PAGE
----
rotate 52

torotate 30

The way logrorate's apache log processing on RHEL / CentOS Linux is working better on high load servers, by default on CentOS logrorate is not configured to do log gzipping at all.

Here is the default /etc/logrorate.d/httpd script for
CentOS release 5.6 (Final)

[hipo@centos httpd]$ cat /etc/logrotate.d/httpd /var/log/httpd/*log {
missingok
notifempty
sharedscripts
postrotate
/bin/kill -HUP `cat /var/run/httpd.pid 2>/dev/null` 2> /dev/null || true
endscript
}

 

The creator of C and UNIX Dennis Ritchie passed away R.I.P. Dennis

Thursday, October 13th, 2011

Dennis Ritchie old young picture

I just read the lwn.net – Linux Weekly news ‘s website the very sad news that one of the greatest modern day computer heroes Dennis MacAlistair Ritchie after a long illness has passed away in his home.

The original notification for this grieving news are on Rob Pike’s Google Plus wall , this is the original message:

Rob Pike - 1:02 AM - Public
I just heard that, after a long illness, Dennis Ritchie (dmr) died at home this weekend. I have no more information.
I trust there are people here who will appreciate the reach of his contributions and mourn his passing appropriately.
He was a quiet and mostly private man, but he was also my friend, colleague, and collaborator, and the world has lost a truly great mind.

For all those who haven’t heard about Dennis Ritchie , he was a computer scientist who developed the C Programming language and had an immeasurable influence on all kind of Modern programming.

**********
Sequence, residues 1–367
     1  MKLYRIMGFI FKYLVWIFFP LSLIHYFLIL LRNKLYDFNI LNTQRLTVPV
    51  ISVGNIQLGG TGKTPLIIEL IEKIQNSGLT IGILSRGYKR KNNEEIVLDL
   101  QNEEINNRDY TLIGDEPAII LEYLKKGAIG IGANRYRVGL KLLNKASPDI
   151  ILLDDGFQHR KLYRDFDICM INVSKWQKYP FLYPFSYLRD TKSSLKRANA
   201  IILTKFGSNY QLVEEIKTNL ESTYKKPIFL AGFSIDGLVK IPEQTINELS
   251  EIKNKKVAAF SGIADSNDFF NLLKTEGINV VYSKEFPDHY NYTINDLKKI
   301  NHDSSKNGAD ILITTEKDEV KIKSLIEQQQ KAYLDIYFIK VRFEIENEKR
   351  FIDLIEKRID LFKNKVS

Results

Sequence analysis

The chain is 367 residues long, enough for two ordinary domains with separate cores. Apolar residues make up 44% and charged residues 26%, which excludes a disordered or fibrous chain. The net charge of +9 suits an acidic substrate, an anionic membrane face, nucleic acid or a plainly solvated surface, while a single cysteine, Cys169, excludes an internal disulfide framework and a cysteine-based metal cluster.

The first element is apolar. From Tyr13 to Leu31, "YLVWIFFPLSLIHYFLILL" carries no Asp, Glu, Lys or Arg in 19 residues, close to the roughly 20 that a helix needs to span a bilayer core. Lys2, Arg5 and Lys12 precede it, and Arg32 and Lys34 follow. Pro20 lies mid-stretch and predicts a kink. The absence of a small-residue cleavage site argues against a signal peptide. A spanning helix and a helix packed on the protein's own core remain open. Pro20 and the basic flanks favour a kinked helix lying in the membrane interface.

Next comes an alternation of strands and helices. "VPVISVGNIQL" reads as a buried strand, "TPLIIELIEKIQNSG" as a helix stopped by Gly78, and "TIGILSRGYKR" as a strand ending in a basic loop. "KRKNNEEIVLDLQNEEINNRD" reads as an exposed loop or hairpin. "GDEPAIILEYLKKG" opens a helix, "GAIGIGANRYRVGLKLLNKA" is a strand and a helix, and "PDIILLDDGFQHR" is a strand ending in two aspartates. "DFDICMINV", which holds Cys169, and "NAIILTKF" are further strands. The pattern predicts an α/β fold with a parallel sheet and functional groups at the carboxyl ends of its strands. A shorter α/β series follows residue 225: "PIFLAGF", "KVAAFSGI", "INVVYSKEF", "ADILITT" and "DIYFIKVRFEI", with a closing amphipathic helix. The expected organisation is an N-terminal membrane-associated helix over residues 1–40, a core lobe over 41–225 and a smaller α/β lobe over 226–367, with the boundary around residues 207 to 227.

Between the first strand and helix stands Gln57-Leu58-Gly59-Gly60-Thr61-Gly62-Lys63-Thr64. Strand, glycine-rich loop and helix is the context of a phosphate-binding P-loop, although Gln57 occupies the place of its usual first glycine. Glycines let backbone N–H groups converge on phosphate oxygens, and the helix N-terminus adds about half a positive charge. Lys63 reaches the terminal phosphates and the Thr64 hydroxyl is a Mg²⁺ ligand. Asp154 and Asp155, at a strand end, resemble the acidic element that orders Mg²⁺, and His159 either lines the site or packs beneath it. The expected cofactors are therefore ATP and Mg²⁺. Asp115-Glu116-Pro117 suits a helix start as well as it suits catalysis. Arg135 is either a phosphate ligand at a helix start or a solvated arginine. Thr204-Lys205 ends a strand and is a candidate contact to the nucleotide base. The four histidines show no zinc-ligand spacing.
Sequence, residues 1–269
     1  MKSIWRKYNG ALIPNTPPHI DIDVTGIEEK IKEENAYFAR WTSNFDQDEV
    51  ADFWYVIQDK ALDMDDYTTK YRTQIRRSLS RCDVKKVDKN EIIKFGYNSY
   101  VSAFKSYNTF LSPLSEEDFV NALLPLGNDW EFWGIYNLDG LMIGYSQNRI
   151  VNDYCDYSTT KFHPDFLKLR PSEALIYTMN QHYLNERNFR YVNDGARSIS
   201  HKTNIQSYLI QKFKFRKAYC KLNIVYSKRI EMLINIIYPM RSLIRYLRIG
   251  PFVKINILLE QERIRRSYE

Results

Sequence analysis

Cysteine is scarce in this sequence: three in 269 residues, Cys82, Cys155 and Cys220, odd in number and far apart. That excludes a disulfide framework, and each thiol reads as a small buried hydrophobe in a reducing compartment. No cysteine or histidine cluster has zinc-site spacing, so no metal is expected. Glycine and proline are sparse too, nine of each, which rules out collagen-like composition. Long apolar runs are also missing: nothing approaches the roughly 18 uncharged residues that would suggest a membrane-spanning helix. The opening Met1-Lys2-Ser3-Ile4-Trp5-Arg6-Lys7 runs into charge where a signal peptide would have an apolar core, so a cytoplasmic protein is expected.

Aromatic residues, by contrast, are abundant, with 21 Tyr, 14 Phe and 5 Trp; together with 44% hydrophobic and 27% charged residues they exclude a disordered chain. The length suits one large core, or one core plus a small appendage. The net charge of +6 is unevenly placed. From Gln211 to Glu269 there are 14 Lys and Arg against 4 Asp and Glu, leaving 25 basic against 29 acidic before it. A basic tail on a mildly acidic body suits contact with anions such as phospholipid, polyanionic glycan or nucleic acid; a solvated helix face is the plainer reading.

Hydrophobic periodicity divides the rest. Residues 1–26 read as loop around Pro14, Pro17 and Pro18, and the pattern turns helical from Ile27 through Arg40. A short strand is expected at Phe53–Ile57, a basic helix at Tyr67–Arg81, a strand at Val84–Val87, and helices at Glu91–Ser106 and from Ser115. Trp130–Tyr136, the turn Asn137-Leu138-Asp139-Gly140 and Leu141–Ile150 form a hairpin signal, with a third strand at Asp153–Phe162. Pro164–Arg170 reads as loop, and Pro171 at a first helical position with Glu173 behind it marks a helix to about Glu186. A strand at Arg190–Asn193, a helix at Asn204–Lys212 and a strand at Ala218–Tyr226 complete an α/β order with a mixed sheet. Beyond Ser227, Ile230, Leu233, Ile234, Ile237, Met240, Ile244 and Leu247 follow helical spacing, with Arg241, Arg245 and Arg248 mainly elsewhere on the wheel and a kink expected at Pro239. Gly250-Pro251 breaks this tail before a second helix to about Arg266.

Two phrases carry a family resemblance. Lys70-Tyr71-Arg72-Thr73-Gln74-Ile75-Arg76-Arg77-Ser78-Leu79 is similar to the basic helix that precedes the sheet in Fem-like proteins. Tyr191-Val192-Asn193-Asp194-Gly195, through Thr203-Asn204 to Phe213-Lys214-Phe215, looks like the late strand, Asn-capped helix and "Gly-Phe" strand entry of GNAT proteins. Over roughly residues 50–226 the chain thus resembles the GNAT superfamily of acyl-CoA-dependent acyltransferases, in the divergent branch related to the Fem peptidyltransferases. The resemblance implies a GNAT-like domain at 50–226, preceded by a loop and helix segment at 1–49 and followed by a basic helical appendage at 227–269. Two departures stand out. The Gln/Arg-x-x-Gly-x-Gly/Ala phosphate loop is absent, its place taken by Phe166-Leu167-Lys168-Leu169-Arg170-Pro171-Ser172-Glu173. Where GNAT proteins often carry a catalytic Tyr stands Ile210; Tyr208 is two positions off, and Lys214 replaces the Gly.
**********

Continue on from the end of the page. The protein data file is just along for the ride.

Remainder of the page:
C Programming Language cover Dennis Ritchie

Dennis worked on the development of Unix’s predecessor Multics as well as with Ken Thompson worked together in Bell Labs and are practically the fathers of UNIX.
Unix the Seventh Edition source code has later become the basis for the early UNIX BSD distributions. Among the most important technical contributions Dennis has done is the introduction of a Streams mechanism – pipes – (as called today in GNU/Linux and BSD and other unices).
Ritchie’s C Language creation on top of Ken Thompson’s B Programming language has been standartized and become the de-facto standard for almost every modern existing OS around.
Moreover dmr has been among the co-creators of Plan 9 Operating system (which is currently open-source distributed) as well as coded a few bits for the Inferno OS which today is known under the code name Vita Nuova

Unix Live Free or die Bell labs early UNIX logo

dmr (the hacker nickname of Dennis) lines up across the most notable computer hackers of all times. He received U.S. national Medal of Technology in 1999 from president Bill Clinton for his contributions to co-inventing the UNIX operating system and the creation of C Language

Denis Ritchie receives national prize in 1999 for Technology from president Bill Clinton
To sum it up DMR is just an “icon” in the computer geek world and his memory will surely live forever in the hacker undeground and computer geek culture.

Dennis Ritche near a personal computer picture

A few quotes dmr is so famous with:

"I am not now, nor have I ever been, a member of the demigodic party."
"Usenet is a strange place."
"UNIX is very simple, it just needs a genius to understand its simplicity."
"C is quirky, flawed, and an enormous success."
"We really didn't buy it thinking we'd have this enormous investment."

Here is also a short video telling a few words of UNIX history and showing Dennis Ritchie in his UNIX development years:

Farewell Denis! See you in Hacker’s paradise 😉